CaseDate
Upstate Citizens for Equality, Inc. V. United States November 27, 2017

Issues: (1) Whether, in the exercise of its Article I powers, Congress can infringe, reduce or diminish the territorial integrity of a state without its prior consent; (2) whether Congress possesses plenary power over Indian affairs and, if so, whether the plenary power expands the Indian commerce clause to authorize the displacement of state rights to territorial integrity; (3) whether the land acquisition in this case via the mechanism of 25 U.S.C. § 465 (now 25 U.S.C. § 5108) represents a violation of the limits inherently expressed in the Indian commerce clause that limits Congress’ power to “regulate” “commerce”; and (4) whether the 300,000-acre ancient Oneida Indian reservation in New York still exists.
Petition DENIED Justice Thomas, dissenting from the denials of certiorari. 

CaseDate
Matal v. TamJune 19, 2017

Summary:

Holding: The disparagement clause of the Lanham Act violates the First Amendment’s free speech clause.
JudgmentAffirmed, 8-0, in an opinion by Justice Alito on June 19, 2017. Justice Alito announced the judgment of the Supreme Court and delivered the opinion of the Supreme Court with respect to Parts I, II and III-A, in which all the justices joined except that Justice Thomas did not join Part II; Justice Alito also delivered an opinion with respect to Parts III-B, III-C and IV, in which Chief Justice Roberts and Justices Thomas and Breyer joined. Justice Kennedy filed an opinion concurring in part and concurring in the judgment, in which Justices Ginsburg, Sotomayor and Kagan joined. Justice Thomas filed an opinion concurring in part and concurring in the judgment. Justice Gorsuch took no part in the consideration or decision of the case.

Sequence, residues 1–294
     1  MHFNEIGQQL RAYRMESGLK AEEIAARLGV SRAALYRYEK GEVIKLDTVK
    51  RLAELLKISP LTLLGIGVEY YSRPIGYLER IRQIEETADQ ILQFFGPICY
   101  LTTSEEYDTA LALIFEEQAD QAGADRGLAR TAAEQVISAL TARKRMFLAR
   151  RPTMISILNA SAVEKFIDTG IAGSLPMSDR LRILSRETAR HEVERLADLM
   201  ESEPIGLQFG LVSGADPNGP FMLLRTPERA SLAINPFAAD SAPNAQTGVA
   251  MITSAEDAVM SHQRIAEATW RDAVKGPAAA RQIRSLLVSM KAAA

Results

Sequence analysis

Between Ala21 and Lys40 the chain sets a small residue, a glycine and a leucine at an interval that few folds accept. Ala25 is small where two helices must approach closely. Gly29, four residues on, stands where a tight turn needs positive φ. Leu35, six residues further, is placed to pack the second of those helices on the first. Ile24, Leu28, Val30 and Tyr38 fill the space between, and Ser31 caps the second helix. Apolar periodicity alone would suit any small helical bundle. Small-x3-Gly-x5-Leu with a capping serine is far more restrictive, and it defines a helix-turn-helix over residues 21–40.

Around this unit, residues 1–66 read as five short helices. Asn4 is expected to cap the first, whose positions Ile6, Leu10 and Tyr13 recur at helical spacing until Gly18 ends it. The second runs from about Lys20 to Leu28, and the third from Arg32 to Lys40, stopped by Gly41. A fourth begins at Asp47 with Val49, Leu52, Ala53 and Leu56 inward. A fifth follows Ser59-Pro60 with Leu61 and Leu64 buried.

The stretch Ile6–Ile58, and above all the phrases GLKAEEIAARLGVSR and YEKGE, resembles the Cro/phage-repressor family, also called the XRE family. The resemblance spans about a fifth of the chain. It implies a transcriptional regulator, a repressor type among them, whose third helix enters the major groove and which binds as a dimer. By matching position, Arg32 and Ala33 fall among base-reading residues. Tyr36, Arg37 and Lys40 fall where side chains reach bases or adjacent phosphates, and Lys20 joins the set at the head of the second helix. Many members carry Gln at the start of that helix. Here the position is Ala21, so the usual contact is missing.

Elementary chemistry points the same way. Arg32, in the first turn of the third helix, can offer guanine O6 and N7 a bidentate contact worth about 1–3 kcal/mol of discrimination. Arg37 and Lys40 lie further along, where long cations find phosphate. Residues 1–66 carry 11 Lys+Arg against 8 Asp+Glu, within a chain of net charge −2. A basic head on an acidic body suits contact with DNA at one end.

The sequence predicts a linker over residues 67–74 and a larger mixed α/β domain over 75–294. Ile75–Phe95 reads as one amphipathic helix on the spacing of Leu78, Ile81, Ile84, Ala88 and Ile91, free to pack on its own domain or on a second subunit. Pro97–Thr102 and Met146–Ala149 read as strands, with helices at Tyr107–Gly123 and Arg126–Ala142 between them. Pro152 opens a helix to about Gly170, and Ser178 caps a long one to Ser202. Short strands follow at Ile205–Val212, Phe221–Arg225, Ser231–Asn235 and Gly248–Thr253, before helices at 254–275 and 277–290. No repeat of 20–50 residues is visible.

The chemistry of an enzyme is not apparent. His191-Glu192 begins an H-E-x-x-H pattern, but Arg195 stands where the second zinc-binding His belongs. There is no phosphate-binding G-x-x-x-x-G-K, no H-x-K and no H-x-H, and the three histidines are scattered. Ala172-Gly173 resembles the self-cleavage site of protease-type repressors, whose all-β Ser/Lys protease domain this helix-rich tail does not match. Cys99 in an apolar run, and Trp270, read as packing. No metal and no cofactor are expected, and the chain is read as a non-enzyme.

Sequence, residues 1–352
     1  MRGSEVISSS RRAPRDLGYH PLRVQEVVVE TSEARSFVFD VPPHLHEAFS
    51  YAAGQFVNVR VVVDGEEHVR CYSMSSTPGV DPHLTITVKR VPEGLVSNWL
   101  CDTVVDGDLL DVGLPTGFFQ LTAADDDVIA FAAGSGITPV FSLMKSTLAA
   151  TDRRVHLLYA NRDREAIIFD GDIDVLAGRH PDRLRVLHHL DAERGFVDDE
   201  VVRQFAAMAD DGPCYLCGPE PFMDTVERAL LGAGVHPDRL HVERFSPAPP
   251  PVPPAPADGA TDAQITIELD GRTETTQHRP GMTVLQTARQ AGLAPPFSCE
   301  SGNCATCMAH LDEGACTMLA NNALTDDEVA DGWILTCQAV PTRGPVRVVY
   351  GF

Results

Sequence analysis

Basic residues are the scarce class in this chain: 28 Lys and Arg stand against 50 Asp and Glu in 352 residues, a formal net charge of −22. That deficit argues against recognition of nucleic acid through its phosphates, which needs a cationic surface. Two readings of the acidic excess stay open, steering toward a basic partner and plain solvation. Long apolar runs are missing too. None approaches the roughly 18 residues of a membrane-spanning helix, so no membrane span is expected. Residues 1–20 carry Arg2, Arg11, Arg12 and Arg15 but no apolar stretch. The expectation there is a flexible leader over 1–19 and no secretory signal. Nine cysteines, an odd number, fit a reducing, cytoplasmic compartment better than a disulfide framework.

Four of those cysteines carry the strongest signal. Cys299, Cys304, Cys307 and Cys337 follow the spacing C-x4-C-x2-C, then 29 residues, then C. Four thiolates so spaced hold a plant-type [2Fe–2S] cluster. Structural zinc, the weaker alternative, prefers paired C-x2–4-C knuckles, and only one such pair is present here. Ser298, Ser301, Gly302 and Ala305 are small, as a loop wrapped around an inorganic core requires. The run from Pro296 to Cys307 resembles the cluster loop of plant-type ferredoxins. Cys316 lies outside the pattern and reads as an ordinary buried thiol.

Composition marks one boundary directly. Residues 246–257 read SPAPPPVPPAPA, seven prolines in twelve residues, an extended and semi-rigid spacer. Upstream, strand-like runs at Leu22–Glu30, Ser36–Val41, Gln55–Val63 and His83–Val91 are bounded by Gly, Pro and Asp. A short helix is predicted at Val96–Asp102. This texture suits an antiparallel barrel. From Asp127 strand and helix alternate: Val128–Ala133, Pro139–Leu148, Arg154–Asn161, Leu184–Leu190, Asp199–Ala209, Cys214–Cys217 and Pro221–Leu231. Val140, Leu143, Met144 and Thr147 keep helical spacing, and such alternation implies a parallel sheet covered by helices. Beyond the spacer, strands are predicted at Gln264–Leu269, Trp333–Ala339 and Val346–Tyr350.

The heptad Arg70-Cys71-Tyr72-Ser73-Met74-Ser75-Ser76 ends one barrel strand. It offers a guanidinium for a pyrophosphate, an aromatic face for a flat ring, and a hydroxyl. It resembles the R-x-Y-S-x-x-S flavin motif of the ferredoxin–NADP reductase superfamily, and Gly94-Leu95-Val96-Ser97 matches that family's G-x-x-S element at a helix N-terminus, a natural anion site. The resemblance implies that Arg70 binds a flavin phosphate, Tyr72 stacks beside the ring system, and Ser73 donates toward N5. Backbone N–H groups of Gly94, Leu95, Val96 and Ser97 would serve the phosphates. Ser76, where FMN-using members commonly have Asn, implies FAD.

CaseDate
Lewis v. ClarkeApril 25, 2017

Summary:

Holding: (1) In a suit brought against a Tribal employee in his individual capacity, the employee, not the Tribal Nation, is the real party in interest and the tribe’s sovereign immunity is not implicated; and (2) an indemnification provision cannot, as a matter of law, extend sovereign immunity to individual employees who would otherwise not be protected.
JudgmentReversed and remanded, 8-0, in an opinion by Justice Sotomayor on April 25, 2017. Justices Thomas and Ginsburg filed opinions concurring in the judgment. Justice Gorsuch took no part in the consideration or decision of the case.

CaseDate
Dollar General Corp. v. Mississippi Band of Choctaw Indians June 23, 2016

Summary: